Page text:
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Kintsugi Method

If you’ve ever used clay as a medium, you’re probably familiar with the risks

associated with placing a delicate piece of artwork into the kiln. You’ve likely had a

few pieces break during the cooking process. I remember using a mold in my high

school ceramic class to create a bowl that regrettably broke into 8-10 pieces in the

kiln. The teacher suggested that I use a Japanese method called Kintsugi, literally

meaning “golden joinery.”

Kintsugi involves repairing broken pottery pieces by mixing lacquer with gold or

silver powder to act as glue between the broken pieces. The finished product then

shows gold or silver shining through the broken edges, giving a seamless look that

erases any sign of damage or repair. Although Kintsugi traditionally uses real gold or

silver, there are plenty of other cheaper, reasonable alternatives in the art world.

There are three types of the Kintsugi method: crack, piece-method, and joint-call. In

the crack method, lacquer is used to fill in the cracks and connect the broken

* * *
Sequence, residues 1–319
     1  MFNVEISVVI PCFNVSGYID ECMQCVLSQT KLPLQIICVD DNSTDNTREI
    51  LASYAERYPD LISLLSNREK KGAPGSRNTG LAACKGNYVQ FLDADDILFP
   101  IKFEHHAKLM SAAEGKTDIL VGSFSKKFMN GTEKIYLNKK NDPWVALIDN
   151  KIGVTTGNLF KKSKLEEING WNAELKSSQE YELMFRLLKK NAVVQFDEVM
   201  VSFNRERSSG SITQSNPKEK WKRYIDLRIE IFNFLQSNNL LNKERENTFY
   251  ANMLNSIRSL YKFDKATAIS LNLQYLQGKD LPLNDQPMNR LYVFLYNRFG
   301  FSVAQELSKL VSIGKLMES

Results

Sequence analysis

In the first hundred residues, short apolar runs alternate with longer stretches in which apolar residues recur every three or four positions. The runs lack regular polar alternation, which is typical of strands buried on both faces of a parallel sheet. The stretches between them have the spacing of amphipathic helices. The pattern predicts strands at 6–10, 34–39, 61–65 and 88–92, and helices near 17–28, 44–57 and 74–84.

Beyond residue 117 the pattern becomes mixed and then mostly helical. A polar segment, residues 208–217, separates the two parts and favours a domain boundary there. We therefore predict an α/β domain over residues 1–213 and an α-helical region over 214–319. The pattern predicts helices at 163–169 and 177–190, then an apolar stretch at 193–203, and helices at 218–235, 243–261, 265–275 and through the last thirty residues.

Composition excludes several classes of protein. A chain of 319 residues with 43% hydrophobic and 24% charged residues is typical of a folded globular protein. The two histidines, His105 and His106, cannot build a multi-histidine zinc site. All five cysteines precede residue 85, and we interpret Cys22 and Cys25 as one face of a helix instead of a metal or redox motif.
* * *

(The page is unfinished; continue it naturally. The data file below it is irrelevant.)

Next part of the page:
pieces, creating those seamless edges. Piece-method involves using large pieces of

lacquer to fill in spaces where entire pieces were lost or shattered. The third

method, joint-call, entails using pieces from other broken pottery to finish the

original piece.

This method has been used in Japan for centuries, dating back to at least the 15th

century, but wasn’t popularized until the 17th century. Kintsugi originates from the

Buddhist belief that resources should not be wasted, known as Mottainai. Mending

broken pottery is a sustainable practice, reusing otherwise wasted materials. Rather

than camouflaging the broken edges, Kintsugi embraces the repair process,

displaying the history of the object for all to see.

So the next time one of your clay pieces falls apart in the kiln, remember to use the

Kintsugi method! Not only does this provide a simple fix for an artist in need, but this

method is sustainable, sensible, and has been admired for centuries.

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